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At the bottom of the bottle in ‘Bright Burning Things’

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Sonya’s mother died when she was a child. Her father is cold and distant; his new wife, Lara, expands that distance by verbally stiff-arming Sonya at every turn. Her other relationships — with men, with nosy Mrs. O’Malley across the street, with the withholding and judge-y cashier at the pizza place — range from strained to hostile to destructive.

Sonya’s one true love is Tommy, her 4-year-old son … OK, she also feels deeply for their rescue dog and constant companion, Herbie. It’s the three of them against the world, which is an unhealthy attitude for a mother to be pouring into a young child, especially when all she’s pouring into her own body and soul is alcohol. Copious amounts of wine, enough that Sonya blacks out and repeatedly endangers Tommy and Herbie. (“I’ll make sure he eats later,” she tells herself as she starts her dinnertime drinking. But Tommy sometimes goes hungry.)


Sonya, who feels every emotion deeply, perhaps too deeply, gave up a burgeoning acting career to become a single mother. She loves Tommy fiercely but badly misses both the structure of work and the ability to channel her intense feelings into a role, leaving her floundering until she grabs yet another drink.

Lisa Harding’s second novel, “Bright Burning Things” is moving — humane and emotionally scrubbed raw — as a depiction of Sonya’s journey to the bottom of the bottle and (after her father’s intervention) her desperate efforts to claw her way back to sobriety to regain her life.

Harding, a former actress, made her debut with the award-winning novel “Harvesting,” which dealt with sex trafficking. This novel, set in Dublin, was inspired by a family member struggling with alcoholism. In Sonya, Harding has created a flawed and reckless protagonist, one we keep rooting for even as we see that she is harming Tommy.


When Tommy asks his mother why she’s crying, she says her eyes are merely watering because of the salt spray at the beach.

Tommy doesn’t buy it, so she tickles him “until he’s writhing and hitting back at me, tears flowing from his own eyes. ‘See, Tommy, you’re crying now, and you’re happy. Tears don’t always mean you’re sad.’

“‘But I don’t like so many tickles, Yaya. It hurts.’”

When first published in the United Kingdom, the book drew frequent comparisons to “Shuggie Bain,” Douglas Stuart’s instant classic from 2020, even though that was told from the perspective of young Shuggie and his siblings as their mother slowly drank herself to death in 1980s Glasgow.

Both books deal with addiction and the trauma that befalls the loved ones of addicts but Harding’s first-person narrative reveals the damage Sonya is doing from inside the chaos and turmoil of her mind. She makes excuses, seethes with anger (often lashing out to her detriment), frets over the consequences of her behavior, and then repeats the cycle. Sonya is not an unreliable narrator — we can see the reality of each situation alongside her denial of it — so much as she is an unreliable parent.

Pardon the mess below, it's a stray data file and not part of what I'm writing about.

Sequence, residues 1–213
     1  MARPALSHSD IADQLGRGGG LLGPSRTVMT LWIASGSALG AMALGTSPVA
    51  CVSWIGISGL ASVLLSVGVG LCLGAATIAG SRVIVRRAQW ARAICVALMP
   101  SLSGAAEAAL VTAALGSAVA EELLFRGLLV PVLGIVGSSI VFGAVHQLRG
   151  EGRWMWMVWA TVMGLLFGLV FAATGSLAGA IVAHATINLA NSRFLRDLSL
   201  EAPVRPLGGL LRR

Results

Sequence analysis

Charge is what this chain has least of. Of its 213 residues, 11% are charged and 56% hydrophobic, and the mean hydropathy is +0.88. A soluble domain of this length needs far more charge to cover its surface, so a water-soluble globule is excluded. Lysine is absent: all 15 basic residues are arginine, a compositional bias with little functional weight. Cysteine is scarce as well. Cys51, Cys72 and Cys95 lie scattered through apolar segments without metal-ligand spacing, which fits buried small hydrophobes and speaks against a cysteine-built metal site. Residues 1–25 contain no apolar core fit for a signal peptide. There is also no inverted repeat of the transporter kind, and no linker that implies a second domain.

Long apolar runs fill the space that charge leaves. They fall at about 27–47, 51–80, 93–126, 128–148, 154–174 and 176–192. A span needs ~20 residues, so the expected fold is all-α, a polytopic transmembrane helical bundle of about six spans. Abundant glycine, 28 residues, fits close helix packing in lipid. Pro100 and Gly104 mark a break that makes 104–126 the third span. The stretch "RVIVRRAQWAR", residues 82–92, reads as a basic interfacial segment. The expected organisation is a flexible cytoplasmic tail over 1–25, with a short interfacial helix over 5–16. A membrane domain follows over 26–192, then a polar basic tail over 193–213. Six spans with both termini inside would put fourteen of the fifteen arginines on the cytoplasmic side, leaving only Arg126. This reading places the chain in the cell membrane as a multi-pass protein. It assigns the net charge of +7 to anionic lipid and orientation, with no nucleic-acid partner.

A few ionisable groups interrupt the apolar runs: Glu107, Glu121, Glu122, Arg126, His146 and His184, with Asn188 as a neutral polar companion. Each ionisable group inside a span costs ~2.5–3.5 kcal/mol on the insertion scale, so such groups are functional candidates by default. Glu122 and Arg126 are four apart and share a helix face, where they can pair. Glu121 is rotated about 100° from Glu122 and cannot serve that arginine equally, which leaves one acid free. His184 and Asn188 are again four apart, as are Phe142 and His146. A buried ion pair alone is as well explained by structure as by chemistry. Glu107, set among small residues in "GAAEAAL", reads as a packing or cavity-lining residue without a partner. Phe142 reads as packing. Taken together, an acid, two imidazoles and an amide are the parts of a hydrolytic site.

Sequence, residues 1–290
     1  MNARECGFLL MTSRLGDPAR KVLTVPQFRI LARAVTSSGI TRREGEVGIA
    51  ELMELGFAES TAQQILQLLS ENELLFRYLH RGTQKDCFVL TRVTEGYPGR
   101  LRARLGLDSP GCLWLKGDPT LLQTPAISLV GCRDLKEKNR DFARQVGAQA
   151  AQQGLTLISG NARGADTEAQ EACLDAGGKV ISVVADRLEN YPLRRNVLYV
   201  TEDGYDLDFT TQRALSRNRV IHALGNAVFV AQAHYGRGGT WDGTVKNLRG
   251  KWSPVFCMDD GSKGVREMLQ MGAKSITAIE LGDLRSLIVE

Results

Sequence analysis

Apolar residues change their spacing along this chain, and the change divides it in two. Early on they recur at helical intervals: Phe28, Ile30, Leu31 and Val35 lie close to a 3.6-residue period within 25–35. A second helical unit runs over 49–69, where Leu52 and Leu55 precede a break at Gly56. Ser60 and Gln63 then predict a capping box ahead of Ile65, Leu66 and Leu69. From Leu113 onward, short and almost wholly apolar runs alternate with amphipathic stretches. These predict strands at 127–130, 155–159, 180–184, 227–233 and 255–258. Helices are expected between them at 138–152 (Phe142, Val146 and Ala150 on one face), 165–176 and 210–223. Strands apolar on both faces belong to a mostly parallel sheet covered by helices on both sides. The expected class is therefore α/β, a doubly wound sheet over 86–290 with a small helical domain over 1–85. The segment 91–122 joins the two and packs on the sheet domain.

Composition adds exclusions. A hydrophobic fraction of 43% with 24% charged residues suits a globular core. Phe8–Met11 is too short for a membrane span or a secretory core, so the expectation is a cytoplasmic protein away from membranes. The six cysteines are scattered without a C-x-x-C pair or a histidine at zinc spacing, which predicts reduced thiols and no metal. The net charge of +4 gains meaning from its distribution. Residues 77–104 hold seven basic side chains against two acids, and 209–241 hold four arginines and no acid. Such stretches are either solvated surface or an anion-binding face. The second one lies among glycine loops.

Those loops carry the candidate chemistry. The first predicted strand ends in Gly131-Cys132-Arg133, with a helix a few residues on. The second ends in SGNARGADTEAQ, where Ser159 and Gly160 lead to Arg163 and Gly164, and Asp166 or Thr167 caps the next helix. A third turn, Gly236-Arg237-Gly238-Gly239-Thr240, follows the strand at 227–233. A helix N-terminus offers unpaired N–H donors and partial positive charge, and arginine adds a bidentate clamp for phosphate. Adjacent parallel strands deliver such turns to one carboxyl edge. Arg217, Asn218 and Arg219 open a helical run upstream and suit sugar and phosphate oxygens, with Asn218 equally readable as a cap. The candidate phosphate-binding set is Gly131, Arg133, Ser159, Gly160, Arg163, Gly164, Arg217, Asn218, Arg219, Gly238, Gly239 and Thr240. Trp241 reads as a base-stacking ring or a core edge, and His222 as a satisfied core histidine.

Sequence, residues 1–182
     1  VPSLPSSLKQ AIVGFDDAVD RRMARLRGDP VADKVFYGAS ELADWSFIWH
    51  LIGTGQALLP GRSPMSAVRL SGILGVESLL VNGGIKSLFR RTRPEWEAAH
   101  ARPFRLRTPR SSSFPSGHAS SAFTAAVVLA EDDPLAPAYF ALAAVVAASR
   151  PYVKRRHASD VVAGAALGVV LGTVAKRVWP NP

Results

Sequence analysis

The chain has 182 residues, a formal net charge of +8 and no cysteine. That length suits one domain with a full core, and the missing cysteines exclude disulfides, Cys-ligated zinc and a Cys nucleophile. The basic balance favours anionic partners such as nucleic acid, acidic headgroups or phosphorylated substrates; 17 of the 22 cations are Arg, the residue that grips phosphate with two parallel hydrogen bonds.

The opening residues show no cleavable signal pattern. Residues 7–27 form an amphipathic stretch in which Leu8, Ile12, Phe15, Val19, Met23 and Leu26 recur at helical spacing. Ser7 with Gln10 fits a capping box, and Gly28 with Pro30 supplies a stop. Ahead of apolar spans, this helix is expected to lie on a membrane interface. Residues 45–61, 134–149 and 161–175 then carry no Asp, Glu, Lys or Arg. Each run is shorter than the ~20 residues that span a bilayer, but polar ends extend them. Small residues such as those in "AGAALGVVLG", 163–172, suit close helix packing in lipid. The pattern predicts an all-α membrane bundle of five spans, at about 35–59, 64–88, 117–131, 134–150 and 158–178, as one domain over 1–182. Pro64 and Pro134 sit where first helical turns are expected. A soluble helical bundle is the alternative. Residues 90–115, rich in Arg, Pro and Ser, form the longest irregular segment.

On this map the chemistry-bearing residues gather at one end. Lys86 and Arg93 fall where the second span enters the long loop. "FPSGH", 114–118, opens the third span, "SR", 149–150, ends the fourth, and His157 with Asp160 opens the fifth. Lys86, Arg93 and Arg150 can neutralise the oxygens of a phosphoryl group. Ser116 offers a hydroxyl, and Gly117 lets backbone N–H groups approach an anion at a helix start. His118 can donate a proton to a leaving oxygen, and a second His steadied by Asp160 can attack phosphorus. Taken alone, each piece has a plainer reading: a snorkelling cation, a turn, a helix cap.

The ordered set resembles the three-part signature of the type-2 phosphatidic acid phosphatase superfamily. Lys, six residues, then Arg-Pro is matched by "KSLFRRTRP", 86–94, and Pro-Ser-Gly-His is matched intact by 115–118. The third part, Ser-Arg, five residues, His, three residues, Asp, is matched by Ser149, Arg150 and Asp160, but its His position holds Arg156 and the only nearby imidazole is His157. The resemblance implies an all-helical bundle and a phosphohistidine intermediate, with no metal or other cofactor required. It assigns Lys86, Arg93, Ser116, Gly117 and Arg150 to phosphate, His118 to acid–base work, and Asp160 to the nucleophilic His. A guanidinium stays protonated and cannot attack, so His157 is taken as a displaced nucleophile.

The autobiographical “Shuggie Bain” was, as the author acknowledged, “among the saddest” books ever, even as it showed children’s natural resilience. “Bright Burning Things,” by contrast, offers both Sonya and the readers strands of hope. And despite its grim narrative, the book has its lighter, funnier moments.


Sonya has family support, even as she resists the intervention that takes away her son and lands her in a rehab run by a religious charity. Separated from her son, she is slowly forced to face hard truths, like the day she looks around at the men who are marking time in the same program. Harding channels Sonya’s exposed nerve endings with a potent poignancy:

“These men, their lives seemed inevitable, their destinies charted from the moment they were born to their crackhead fathers, criminal mothers, junkies, alcos, selfish, stunted, addled parents. Like me. These men were born to mothers like me.”

While Sonya resists embracing the surrender to a higher power, she does find sympathetic and thoughtful allies there, in Sister Anne and an older recidivist named Jimmy, who has accumulated plenty of wisdom in a lifetime of cycling in and out of rehab — wisdom he can impart to Sonya, even if it hasn’t helped him break the pattern.

Their help doesn’t provide any simple answers or pat endings for Sonya. Harding is too determined to make us see the potential pitfalls that will forever lurk out there — when Sonya starts to accept, even embrace, her vulnerability in her effort to get back to Tommy, it is David, a counselor-turned-boyfriend, whose own issues and manipulative behavior threaten to derail Sonya’s small steps back toward life.

Earlier, while Sonya was still manically trying to entertain Tommy while drinking herself into oblivion, she confessed that she knew her world was spinning way too fast. “I just wish I could do life, in the ordinary sense,” she said. By the end, she has finally figured how to do just that … even if Harding makes no promises that it will be easy.



By Lisa Harding

HarperVia, 336 pp., $26.99

Stuart Miller is the author of “The 100 Greatest Days in New York Sports” and coauthor of “The Other Islands of New York City.”